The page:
Staging is how doctors refer to the size of a cancer and whether it has spread around the tumour site or to other areas of the body. It is an important part of their assessment and contributes to treatment planning. In cases of cancers localised to the pancreas that are surgically operable, the staging, which includes whether there is spread to lymph nodes, often can only be determined once the cancer has been surgically removed.
One system uses numbers to describe the stage of the cancer, the other uses the tumour-nodes-metasteses staging system. Your cancer staging may be explained to you by one or both ways.
|Stage||1||The earliest stage when the cancer is only inside the pancreas.|
|Stage||2||The cancer is usually larger and may have started to grow into the duodenum, bile duct or tissues around the pancreas or there may be cancer in the lymph nodes near the pancreas.|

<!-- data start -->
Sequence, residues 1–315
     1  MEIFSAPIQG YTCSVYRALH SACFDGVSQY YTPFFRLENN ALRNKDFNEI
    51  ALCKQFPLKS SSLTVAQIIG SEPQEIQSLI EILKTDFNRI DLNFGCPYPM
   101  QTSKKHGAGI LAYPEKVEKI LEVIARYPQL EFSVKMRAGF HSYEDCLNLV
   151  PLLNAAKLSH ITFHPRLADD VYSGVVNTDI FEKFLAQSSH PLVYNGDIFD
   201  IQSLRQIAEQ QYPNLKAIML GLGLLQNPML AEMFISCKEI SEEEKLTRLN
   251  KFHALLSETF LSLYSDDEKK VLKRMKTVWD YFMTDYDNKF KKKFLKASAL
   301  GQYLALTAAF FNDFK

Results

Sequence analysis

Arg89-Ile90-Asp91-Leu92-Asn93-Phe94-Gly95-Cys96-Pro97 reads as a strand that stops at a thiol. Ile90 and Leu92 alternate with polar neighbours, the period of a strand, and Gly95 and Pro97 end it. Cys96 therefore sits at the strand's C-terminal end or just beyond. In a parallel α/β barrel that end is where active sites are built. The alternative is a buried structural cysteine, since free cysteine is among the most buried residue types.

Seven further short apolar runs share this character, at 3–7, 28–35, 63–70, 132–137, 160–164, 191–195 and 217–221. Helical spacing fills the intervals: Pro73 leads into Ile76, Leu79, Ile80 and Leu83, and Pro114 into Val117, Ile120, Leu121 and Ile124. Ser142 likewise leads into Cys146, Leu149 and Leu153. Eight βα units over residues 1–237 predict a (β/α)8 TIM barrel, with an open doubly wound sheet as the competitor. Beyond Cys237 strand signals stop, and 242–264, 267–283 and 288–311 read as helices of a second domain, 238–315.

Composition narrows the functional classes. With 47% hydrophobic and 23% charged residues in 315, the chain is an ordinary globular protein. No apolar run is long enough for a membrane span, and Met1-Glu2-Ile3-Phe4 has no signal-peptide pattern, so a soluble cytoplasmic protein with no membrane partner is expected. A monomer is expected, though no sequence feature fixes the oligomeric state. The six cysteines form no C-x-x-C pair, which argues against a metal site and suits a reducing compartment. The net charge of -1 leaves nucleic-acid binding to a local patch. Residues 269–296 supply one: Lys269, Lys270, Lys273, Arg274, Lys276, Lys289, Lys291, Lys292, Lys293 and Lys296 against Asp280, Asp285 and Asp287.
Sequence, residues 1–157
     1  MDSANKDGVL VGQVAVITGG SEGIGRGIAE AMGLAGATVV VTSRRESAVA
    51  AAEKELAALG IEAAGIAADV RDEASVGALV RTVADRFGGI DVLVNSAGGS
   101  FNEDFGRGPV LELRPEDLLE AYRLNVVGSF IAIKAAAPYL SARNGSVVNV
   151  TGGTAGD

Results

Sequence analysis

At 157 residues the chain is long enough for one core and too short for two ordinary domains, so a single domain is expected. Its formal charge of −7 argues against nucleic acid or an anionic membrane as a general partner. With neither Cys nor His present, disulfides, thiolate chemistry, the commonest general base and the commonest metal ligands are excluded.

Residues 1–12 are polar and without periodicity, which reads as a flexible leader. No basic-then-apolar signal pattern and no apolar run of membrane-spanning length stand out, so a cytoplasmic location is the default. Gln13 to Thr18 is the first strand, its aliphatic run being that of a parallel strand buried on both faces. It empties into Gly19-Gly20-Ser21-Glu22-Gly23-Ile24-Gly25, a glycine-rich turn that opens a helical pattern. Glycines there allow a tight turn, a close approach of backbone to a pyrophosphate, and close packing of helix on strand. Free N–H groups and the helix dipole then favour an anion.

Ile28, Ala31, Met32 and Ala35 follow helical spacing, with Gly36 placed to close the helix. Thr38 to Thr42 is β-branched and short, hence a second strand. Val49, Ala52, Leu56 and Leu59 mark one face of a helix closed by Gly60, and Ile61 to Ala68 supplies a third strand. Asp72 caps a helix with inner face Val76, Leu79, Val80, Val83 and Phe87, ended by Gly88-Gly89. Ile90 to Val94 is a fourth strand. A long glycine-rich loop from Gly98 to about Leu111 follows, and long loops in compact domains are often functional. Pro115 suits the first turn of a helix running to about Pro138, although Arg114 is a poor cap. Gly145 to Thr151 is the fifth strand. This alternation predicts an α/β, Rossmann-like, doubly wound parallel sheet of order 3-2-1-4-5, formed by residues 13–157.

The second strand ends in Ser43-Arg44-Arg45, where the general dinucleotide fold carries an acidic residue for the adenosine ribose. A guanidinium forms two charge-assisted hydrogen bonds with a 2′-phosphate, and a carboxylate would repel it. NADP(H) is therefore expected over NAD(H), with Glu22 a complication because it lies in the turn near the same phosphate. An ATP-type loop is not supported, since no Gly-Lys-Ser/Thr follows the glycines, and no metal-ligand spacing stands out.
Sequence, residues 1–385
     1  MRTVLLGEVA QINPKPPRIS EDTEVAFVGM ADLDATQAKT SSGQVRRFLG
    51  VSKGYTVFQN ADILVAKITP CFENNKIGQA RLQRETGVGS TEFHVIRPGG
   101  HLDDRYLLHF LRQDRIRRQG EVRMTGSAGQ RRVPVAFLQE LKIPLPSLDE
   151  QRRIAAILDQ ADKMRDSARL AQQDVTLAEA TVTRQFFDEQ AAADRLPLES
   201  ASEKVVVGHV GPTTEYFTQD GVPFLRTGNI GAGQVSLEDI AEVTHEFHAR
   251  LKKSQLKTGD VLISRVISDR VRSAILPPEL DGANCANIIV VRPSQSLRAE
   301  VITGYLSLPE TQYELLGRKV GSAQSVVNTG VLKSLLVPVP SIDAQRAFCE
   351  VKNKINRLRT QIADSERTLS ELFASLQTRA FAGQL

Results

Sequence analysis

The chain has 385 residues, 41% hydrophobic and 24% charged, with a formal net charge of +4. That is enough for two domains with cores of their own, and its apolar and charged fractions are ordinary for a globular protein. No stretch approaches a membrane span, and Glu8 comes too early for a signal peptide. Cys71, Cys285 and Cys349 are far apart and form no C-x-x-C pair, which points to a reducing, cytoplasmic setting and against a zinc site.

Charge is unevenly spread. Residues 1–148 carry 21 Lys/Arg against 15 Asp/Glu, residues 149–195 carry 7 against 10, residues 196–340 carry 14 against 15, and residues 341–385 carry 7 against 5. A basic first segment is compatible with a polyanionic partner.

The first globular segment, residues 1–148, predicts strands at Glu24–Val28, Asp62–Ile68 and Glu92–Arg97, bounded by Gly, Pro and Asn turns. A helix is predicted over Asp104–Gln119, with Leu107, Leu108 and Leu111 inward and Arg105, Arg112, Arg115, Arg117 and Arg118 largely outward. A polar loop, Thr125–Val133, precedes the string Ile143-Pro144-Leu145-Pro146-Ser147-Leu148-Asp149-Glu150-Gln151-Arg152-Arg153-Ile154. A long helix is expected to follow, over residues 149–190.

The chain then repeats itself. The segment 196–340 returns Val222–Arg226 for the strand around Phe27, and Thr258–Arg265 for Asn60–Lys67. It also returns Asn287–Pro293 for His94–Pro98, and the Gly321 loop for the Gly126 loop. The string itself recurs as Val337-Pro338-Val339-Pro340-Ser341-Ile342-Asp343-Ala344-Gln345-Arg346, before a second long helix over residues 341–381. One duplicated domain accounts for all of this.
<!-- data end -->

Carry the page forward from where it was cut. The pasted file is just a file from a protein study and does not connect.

|Stage||3||The cancer is growing outside the pancreas into nearby major blood vessels or nerves but has not spread to other parts of the body.|
|Stage||4||The cancer has spread to other parts of the body such as the lungs or liver (metastatic cancer).|
TNM (Tumour-Nodes-Metastases) staging
The TNM gives a number according to tumour size (T), how many lymph nodes are affected (N), and how far the cancer has spread, or metastasised, to distant parts of the body (M). This information is used to help decide the best treatment.
|T1||Tumour confined to the pancreas 2cm or less in greatest dimension.|